By Caitlin Grams
The marathon is over . . . now what? Caitlin Grams, who teamed up with Hot Bird Running to train for the Chicago Marathon this fall, explains a few key strategies to maintaining fitness as well as motivation to workout during the months immediately after a marathon.
MARATHON TRAINING is a funny thing. You spend months planning your life around a race - scheduling every workout and run, calculating pace, splits, tracking mileage - and then it's over in a day. The day after I ran the Chicago Marathon was a major let down. I didn't know what to do with myself. I had spent months following a strict training plan and suddenly there were no workouts on my calendar, nothing I had to do. I felt both completely lost and totally free. I decided to listen to my body - I took a few days off and then hopped back into yoga and cross training. It was a week later before I went for my first run. Now, a month after my marathon I'm still feeling my way back into running, but I'm loving this time of doing what I want, when I want to.
While it is nice to have the flexibility to do what I want, there is also the danger of totally falling off the wagon post-marathon and not moving enough. When you are coming off of months of planned workouts, not having a plan can make skipping workouts easy, especially as the days get shorter and colder and staying in bed sounds so much nicer than an early morning run. Here are my top 3 tricks to staying fit post marathon:
1. Do what you want to do - if you don't want to run, don't! Now is the time to fit in all those spin classes you put on hold during training, to recommit to yoga, to try out that new conditioning class you were afraid to start while training. If it sounds fun and exciting to you, you're more likely to get out and do it. If you do feel like running, leave your watch behind - not knowing your time or pace is really freeing after spending so many months consumed by it.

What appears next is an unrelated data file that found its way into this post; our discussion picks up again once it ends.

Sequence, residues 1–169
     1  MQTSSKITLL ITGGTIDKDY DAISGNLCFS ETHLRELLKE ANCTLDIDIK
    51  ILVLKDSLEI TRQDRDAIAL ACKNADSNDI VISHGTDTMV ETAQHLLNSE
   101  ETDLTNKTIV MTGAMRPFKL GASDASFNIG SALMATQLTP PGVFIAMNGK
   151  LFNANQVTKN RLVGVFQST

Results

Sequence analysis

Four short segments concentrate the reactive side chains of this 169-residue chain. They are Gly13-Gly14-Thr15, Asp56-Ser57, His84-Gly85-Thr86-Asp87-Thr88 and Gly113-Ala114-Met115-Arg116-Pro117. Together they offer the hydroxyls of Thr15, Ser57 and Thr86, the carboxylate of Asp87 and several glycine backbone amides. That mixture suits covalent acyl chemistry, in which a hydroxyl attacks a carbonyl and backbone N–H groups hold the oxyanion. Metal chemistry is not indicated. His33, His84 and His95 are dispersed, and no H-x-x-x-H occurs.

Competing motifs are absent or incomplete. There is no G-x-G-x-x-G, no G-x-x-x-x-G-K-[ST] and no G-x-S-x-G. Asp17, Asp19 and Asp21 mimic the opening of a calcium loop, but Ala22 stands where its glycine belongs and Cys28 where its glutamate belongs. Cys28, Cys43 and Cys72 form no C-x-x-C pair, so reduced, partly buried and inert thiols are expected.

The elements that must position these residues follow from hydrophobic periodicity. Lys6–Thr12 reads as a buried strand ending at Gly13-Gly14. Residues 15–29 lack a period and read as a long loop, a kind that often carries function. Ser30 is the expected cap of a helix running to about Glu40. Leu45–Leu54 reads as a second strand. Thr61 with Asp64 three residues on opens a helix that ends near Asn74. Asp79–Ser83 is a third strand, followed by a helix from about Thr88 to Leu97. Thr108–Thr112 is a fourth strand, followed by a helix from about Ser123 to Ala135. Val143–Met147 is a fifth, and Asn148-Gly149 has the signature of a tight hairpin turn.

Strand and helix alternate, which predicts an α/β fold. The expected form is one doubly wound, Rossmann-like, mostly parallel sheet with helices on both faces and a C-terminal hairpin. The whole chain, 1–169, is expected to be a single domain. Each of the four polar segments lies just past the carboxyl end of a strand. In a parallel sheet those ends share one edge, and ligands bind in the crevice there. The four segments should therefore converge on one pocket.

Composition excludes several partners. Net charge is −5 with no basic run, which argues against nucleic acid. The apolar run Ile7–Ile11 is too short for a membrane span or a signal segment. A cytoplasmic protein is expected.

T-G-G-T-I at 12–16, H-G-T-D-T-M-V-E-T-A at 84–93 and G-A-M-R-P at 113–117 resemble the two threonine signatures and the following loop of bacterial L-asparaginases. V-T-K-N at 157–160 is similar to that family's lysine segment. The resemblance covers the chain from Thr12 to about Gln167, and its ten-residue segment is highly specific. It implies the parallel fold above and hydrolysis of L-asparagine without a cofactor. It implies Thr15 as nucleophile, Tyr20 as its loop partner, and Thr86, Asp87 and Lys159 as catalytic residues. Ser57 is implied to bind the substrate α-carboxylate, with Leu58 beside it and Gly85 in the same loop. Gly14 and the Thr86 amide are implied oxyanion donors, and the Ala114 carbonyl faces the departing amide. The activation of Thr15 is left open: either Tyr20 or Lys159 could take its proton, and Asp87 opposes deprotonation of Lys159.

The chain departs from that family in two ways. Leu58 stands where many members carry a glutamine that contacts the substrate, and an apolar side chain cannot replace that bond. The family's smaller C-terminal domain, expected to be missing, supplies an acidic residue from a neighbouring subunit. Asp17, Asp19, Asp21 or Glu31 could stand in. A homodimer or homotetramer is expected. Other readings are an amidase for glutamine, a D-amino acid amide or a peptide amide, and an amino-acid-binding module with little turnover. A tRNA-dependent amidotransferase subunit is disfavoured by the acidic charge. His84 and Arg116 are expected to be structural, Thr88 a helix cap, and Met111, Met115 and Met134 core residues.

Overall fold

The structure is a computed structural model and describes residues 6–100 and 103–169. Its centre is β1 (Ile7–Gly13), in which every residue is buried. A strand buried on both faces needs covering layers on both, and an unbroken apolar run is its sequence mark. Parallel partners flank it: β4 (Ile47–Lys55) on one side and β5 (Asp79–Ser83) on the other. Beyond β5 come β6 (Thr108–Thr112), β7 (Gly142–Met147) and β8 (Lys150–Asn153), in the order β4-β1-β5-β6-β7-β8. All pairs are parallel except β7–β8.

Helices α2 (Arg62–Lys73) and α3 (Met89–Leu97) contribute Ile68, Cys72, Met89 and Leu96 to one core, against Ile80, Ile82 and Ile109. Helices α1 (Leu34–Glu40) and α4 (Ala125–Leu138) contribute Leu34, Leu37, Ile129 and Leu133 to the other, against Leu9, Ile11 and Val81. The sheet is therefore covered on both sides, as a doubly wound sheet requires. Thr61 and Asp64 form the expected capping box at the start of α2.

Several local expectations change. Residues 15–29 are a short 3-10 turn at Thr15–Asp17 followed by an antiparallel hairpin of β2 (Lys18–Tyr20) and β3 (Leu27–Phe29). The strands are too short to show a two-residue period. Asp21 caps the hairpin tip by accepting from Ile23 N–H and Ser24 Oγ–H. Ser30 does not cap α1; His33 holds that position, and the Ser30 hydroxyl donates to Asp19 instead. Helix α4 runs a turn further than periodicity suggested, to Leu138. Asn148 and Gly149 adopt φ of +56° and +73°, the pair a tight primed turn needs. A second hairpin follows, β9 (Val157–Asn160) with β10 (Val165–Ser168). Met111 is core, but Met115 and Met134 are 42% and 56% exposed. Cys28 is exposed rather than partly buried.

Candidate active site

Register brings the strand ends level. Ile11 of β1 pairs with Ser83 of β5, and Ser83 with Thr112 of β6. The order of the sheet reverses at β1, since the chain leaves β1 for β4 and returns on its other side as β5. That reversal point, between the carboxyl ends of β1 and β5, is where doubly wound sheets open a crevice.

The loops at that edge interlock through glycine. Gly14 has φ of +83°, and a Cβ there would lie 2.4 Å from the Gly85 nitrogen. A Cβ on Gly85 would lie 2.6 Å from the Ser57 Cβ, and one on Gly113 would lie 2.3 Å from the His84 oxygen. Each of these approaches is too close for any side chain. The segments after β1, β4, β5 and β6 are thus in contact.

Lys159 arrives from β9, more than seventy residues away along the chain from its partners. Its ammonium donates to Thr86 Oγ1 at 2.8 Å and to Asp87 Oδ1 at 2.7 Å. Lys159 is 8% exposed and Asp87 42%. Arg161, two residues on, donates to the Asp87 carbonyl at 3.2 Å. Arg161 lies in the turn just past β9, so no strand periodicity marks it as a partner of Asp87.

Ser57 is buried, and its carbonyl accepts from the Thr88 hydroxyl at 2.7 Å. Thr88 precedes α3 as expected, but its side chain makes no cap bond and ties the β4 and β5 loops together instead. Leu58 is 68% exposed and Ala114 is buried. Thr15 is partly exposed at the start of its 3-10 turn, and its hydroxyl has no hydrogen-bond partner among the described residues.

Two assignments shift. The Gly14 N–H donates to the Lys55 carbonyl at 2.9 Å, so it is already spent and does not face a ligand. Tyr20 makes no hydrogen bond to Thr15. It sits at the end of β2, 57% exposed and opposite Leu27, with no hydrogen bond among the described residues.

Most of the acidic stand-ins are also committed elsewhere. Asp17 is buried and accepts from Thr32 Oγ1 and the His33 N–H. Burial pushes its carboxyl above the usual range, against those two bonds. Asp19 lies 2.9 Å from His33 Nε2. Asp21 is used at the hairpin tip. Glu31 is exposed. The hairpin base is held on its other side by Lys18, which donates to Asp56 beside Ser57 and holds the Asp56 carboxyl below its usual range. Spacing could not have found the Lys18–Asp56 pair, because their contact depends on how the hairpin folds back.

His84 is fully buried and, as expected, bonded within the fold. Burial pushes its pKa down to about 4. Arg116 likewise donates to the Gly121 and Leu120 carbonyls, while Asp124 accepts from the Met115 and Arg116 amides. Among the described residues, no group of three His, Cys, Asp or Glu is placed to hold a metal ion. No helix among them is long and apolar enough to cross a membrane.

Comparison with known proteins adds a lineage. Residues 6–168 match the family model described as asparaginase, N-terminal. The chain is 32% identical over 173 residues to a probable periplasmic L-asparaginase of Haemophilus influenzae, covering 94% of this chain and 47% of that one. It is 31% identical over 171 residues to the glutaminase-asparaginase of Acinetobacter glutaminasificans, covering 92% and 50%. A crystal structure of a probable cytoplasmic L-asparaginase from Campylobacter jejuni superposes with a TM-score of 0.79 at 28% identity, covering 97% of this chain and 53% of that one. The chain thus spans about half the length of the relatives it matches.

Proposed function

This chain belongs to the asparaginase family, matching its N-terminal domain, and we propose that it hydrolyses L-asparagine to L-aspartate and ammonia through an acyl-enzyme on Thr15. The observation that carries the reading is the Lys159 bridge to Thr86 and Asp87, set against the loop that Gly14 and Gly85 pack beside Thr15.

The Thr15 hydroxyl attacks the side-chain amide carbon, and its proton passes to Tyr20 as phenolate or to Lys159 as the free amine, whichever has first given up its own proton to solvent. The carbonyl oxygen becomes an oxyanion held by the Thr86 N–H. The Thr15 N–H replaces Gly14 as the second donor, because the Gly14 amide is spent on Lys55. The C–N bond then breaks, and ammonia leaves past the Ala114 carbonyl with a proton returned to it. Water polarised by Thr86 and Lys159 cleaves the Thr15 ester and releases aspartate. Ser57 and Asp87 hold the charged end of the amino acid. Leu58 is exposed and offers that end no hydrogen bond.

2. Enroll other people - find sweat buddies, make class or run dates with friends so someone else is holding you accountable. Tell other people about your sweat plans so when they check up on you you'll have something to say!
3. Plan your workouts - I spend time every Sunday night comparing my work schedule to my favorite classes and penciling them in, planning runs, and scheduling workout dates with friends. I also usually have a few backups just in case. Going into the week with a plan keeps me motivated.
4. Finally, when you feel ready, sign up for another race! It doesn't have to be a marathon, it can be a 5k fun run, but having something to work towards always keeps me going.
Caitlin is a runner, yogi and SoulCycle addict from Seattle who, thanks to Hot Bird, has come to love crushing Harlem Hill repeats. She is an educator at lululemon Soho, a nutrition student, and blogs at Caitlin Lives Well.